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Herschell Gordon Lewis

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Herschell Gordon Lewis
Lewis in 2010
Born(1926-06-15)June 15, 1926[1]
DiedSeptember 26, 2016(2016-09-26) (aged 90)
Alma materNorthwestern University
Occupation(s)Film director, screenwriter, producer, actor, cinematographer, former English professor, advertising executive, direct-mail consultant
Years active1959–2016

Herschell Gordon Lewis (June 15, 1926[a] – September 26, 2016) was an American filmmaker, best known for creating the "splatter" subgenre of horror films.[2] He is often called the "Godfather of Gore" (a title also given to Lucio Fulci), though his film career included works in a range of exploitation film genres including juvenile delinquent films, nudie-cuties, two children's films and at least one rural comedy. On Lewis' career, AllMovie wrote, "With his better-known gore films, Herschell Gordon Lewis was a pioneer, going further than anyone else dared, probing the depths of disgust and discomfort onscreen with more bad taste and imagination than anyone of his era."[3]

Early life[edit]

Herschell Gordon Lewis was born in 1926 in Pittsburgh, Pennsylvania, the son of Geraldine (Waldman) and Emmanuel.[4] Lewis was Jewish.[5] His father died when Lewis was six years old; his mother never remarried. Lewis's family then moved to Chicago, Illinois, where he spent the majority of his adolescence. After graduating from high school, Lewis received bachelor's and master's degrees in journalism at Northwestern University in nearby Evanston, Illinois. A few years later, he briefly taught communications at Mississippi State University. He was lured from his academic career to become the manager of WRAC Radio (WRJN) in Racine, Wisconsin, and later to become a studio director at WKY-TV (KFOR-TV) studio in Oklahoma City.

In 1953, Lewis began working for a friend's advertising agency in Chicago while teaching graduate advertising courses at night at Roosevelt University. In the meantime, he began directing TV commercial advertisements for a small production company called Alexander and Associates. Lewis later bought out half of the company with business associate Martin Schmidhofer and renamed it Lewis and Martin Films.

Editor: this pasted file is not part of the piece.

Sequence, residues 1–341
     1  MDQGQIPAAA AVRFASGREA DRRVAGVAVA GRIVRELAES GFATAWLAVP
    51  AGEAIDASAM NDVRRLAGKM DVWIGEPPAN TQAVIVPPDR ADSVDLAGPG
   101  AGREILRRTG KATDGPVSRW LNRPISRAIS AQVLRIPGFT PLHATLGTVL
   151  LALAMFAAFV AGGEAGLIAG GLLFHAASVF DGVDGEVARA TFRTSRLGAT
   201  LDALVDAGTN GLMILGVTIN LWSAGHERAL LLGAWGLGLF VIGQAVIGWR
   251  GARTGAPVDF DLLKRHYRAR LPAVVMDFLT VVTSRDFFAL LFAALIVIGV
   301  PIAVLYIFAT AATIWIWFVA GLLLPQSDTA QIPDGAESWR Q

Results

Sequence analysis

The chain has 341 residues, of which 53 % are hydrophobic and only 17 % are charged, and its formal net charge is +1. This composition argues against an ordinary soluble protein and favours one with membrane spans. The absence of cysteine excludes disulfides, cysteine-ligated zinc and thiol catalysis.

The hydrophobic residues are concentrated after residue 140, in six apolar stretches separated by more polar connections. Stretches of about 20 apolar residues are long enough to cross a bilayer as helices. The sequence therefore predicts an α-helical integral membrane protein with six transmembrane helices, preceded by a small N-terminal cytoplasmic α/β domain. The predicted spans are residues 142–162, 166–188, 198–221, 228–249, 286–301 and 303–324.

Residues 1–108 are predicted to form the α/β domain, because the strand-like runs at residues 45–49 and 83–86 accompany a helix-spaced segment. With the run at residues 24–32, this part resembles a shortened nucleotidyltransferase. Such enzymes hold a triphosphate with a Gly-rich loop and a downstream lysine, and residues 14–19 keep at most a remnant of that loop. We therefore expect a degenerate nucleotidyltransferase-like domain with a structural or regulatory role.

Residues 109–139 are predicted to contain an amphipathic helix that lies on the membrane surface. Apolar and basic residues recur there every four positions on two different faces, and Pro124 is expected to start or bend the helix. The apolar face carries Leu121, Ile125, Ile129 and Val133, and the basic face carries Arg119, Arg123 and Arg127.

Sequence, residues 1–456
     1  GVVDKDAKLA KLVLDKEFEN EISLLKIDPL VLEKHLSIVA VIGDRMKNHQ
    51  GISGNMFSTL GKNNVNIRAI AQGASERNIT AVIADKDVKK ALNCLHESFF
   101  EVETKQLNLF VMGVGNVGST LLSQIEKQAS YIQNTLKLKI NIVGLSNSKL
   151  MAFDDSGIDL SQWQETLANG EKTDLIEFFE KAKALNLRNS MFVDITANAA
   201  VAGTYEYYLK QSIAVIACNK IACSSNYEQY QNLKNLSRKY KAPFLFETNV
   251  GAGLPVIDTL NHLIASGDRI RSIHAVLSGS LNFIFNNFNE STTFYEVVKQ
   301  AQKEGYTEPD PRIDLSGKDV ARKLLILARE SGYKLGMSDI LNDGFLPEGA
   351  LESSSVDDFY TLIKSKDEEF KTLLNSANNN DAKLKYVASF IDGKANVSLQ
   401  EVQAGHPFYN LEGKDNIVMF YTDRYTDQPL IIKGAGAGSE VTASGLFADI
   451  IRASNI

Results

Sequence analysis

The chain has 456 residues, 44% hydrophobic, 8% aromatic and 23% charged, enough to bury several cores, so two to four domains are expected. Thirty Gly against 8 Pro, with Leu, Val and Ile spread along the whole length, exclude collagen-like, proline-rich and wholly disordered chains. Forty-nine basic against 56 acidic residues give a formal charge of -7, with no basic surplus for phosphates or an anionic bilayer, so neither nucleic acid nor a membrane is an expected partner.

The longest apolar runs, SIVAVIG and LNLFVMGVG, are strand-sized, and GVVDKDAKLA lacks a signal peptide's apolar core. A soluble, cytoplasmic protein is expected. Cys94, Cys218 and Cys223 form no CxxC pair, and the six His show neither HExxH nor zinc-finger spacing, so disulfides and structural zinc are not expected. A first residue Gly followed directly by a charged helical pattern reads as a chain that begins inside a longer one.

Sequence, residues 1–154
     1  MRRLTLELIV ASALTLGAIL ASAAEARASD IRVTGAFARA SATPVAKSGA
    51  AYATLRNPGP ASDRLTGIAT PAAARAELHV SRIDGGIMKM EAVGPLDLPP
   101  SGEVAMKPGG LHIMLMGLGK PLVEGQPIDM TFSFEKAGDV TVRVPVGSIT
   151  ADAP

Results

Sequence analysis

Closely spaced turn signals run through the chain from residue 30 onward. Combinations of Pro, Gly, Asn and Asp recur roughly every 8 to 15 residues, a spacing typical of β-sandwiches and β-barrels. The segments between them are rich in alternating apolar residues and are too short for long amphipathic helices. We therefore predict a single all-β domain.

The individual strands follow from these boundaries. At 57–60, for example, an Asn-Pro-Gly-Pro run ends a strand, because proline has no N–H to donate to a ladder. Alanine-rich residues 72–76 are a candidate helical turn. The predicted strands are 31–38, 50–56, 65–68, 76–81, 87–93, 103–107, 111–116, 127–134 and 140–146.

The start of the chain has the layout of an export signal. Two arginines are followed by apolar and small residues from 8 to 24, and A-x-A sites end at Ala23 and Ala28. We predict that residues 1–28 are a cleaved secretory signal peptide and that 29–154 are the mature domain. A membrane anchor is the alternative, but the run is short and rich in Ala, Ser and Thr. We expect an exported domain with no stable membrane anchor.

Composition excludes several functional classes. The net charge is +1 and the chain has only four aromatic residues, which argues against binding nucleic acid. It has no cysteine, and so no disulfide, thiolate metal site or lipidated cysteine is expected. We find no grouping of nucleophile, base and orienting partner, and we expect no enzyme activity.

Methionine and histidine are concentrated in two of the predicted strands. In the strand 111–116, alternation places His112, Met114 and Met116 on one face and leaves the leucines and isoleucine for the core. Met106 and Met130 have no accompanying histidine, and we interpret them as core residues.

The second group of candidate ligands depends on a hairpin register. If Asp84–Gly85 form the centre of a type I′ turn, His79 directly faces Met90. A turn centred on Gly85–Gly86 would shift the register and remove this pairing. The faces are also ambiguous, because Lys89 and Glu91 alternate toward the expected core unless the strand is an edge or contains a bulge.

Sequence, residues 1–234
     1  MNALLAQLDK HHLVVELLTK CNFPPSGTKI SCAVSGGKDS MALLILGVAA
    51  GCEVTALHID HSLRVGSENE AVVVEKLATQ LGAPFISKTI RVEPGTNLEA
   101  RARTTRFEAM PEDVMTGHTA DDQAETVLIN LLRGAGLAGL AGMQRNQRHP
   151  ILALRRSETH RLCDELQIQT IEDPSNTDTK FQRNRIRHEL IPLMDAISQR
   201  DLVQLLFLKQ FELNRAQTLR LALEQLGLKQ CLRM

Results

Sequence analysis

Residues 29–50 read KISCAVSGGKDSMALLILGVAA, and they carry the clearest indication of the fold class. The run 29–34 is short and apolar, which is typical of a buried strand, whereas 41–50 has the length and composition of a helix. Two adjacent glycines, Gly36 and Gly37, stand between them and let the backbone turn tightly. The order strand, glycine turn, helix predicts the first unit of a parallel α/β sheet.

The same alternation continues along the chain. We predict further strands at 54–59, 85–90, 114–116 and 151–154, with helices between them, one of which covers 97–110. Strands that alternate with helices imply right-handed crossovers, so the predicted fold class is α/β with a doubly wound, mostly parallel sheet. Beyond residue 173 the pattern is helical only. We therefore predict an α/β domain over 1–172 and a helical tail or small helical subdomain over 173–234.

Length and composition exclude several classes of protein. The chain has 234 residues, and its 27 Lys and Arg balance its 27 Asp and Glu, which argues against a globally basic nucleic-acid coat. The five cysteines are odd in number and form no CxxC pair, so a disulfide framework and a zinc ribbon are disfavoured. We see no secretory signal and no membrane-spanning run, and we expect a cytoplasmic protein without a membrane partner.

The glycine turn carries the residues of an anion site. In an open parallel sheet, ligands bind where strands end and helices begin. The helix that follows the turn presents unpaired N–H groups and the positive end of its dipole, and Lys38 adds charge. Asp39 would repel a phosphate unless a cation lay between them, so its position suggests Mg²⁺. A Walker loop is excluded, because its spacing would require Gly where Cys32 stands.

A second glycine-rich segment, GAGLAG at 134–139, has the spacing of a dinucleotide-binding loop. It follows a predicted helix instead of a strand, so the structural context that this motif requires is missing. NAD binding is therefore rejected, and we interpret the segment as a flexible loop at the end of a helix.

Lewis directed a short promotional film entitled Carving Magic, sponsored by Swift & Company, in 1959.[6] Along with Swift & Company's “home economist” Martha Logan,[7] the short starred William Kerwin and Harvey Korman, who would go on to star in other Lewis projects.[8]

Film career[edit]

Lewis served as producer on his first film venture, The Prime Time (1959), which was the first feature film produced in Chicago since the late 1910s. He would assume directing duties on nearly all of his films from then on. His first in a lengthy series of collaborations with exploitation producer David F. Friedman, Living Venus (1961), was a fictitious account based on the story of Hugh Hefner and the beginnings of Playboy. Lewis and Friedman's movies were early exploitation films, and the films' nude scenes, although softcore, were not seen in "mainstream" Hollywood pictures because of the censorship imposed by the Motion Picture Production Code.

The two continued with a series of erotic films in the early 1960s. These films marked the beginning of a deliberate approach to filmmaking that each respective party would continue through their production careers — films made solely with the intention of turning a profit. Typical of these nudies were the screwball comedies Boin-n-g! (1963) and The Adventures of Lucky Pierre (1961), a film made for a shoestring budget of $7,500, which would become the duo's first great financial success; it made three times its budget upon its first release. Because film restrictions had not yet allowed for sexual depictions in films, the bulk of Lewis and Friedman's early work consisted of nudist camp features like Daughter of the Sun (1962) and Goldilocks and the Three Bares (1963), which appropriately billed itself as "the first (and to date the only) nudist musical".

With the nudie market beginning to wane, Lewis and Friedman entered into uncharted territory with 1963's seminal Blood Feast, considered by most critics to be the first "gore" film. Because of the unprecedented nature of this type of film, they were able to cater to the drive-in theater market that would have been inaccessible with their prior skin flicks. Two Thousand Maniacs! (1964) and Color Me Blood Red (1965) followed the same formula. The full-color gore on display in these films caused a sensation, with horror film-makers throughout the world becoming eager to saturate their productions with similarly shocking visual effects.